Reading about Hannah Arendt, who wrote about the Banality of Evil and the Eichmann trial. He was everybody’s functionary. Think the postal clerk with no moral concern for the purpose of his office – just act as part of the ‘machinery of pursuing’. OK, I’m obsessed with her findings; that evil can flourish through non-thought.
Because I saw it happen in my years working for the public service – we went from an ethos of public service and a clear purpose outcome-focus (though we never used the word ‘outcome’) with engagement expected within the professionals (you were expected to think, and we had some incredible characters who could express!)
….. to a machine of transactional relationships – instruct & obey – job descriptions of tasks – assumptions that this sort of autocratic hierarchy was ever going to be effective – the promotion of the B graders and C graders. I saw the least cooperative and the least motivated by any concept of a better world promoted.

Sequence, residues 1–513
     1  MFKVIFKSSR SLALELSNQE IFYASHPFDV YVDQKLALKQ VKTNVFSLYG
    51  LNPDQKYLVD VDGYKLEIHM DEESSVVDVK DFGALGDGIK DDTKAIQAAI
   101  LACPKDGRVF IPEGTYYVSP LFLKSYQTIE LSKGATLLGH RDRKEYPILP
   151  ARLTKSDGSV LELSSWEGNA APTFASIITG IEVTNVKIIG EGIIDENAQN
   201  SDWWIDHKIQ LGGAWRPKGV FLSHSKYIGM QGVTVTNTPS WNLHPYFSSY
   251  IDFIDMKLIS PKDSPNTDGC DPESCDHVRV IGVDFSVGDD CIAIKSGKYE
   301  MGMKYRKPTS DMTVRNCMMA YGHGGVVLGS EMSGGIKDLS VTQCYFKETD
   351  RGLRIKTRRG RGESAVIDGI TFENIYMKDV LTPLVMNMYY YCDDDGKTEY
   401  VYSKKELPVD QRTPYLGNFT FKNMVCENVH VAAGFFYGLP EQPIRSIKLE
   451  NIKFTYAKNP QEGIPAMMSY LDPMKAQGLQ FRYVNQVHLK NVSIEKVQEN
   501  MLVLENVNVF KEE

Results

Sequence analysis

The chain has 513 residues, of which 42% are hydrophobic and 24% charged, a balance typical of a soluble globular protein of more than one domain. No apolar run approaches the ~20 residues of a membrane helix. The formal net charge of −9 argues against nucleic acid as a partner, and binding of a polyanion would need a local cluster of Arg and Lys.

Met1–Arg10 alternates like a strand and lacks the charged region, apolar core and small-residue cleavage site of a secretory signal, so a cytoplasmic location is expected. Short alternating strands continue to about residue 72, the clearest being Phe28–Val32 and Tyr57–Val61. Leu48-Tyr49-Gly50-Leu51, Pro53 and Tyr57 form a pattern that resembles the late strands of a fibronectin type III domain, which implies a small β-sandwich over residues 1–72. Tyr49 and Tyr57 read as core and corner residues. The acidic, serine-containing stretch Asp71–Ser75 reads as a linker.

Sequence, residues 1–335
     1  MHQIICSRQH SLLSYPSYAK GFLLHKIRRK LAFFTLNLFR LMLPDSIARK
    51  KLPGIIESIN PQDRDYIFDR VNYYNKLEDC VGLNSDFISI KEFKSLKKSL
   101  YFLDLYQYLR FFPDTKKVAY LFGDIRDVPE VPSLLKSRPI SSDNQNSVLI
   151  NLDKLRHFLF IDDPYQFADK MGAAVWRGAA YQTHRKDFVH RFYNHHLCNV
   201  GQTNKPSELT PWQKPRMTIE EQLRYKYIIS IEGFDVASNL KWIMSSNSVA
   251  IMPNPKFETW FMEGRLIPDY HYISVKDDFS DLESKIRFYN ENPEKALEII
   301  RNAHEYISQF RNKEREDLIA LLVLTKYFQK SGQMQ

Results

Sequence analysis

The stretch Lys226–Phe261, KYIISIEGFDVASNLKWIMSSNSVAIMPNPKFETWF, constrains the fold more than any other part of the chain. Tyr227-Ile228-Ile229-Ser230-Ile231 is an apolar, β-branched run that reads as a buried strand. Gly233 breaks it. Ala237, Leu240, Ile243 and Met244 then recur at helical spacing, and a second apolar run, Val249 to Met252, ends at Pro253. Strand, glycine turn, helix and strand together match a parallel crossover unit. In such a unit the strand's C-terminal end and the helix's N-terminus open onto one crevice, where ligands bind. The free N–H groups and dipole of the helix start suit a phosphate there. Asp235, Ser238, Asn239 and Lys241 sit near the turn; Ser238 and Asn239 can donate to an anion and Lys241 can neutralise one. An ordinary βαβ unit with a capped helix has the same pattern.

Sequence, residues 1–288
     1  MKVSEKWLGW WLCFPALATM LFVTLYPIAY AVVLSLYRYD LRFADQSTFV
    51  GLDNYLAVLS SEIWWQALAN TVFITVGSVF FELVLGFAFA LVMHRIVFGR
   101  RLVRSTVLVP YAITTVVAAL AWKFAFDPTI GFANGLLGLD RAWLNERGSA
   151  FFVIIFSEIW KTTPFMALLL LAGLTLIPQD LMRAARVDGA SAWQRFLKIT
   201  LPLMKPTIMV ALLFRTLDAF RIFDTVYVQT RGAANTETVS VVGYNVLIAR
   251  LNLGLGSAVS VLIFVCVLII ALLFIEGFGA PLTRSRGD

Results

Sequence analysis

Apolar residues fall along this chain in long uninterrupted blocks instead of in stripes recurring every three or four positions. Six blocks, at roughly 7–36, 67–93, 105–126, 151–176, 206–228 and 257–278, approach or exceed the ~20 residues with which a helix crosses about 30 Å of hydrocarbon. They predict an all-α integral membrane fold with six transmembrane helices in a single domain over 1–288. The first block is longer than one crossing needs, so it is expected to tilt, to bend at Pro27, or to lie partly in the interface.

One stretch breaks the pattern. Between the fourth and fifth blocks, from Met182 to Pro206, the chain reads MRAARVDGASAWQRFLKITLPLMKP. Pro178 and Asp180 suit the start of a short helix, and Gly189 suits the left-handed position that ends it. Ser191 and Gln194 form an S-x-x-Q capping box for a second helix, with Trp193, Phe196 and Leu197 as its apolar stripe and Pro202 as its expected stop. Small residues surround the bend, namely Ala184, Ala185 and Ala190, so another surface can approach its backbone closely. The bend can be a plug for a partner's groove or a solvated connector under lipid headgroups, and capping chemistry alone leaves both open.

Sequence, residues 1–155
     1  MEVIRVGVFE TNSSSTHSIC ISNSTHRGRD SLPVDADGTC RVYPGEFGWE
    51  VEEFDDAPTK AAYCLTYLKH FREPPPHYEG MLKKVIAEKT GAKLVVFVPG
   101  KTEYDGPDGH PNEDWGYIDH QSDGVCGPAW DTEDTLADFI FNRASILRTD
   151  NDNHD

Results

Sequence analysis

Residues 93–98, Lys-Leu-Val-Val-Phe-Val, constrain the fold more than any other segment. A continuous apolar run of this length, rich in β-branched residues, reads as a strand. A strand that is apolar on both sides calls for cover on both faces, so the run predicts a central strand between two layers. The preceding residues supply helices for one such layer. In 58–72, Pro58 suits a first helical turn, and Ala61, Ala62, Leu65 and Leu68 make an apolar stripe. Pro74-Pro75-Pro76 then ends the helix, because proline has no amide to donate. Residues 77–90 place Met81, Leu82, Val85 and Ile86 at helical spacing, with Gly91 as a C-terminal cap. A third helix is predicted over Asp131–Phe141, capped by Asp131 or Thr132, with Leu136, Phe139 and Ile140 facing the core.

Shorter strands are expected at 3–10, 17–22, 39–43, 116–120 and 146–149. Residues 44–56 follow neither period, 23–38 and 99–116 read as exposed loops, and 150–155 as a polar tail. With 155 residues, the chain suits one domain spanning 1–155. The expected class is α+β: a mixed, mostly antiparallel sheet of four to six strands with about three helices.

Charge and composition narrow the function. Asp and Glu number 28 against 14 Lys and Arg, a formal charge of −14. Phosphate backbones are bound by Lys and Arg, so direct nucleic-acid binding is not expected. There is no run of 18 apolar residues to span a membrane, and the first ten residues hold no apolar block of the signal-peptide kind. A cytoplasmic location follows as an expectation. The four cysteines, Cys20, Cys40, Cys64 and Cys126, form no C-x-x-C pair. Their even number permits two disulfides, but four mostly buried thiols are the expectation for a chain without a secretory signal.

And then I read what Eichmann said when he was interviewed in Argentina, ….
“Where would we end up if everyone would have his own thoughts?”¹
Naturally, I laughed. Such a small mind. Such a dangerous mind. Such an autocratic mind. A pure functionary. Scheduling trains without thought of the inhumanity of what he did … in the interests of obedience and a certain, mechanical, hierarchical world. Who would not reject this view? It is not what a life should ever be.
It. Should. Never. Be.
And then I recalled an ex-colleague manager reporting to a friend that he was told by his CEO ….. in 2016! – our current oh-so-much-more-enlightened age than the age of state totalitarianism pre and post WW II …. this …
“You are not paid to have an opinion.”
And I thought, how similar is that statement to Eichmann’s.
What a similar mind to Eichmann must he have to have said such a thing?
This banality of evil could happen again. IS happening again. It is happening in our public departments and in many mega-corporations.
Inhumanity dressed up as “just doing my job.”
It just isn’t dressed in Hugo Boss designer SS uniforms with those lovely boots.
1. From Willem Sassen’s Interview with Eichmann in Argentina as quoted in the docudrama Eichmanns Ende.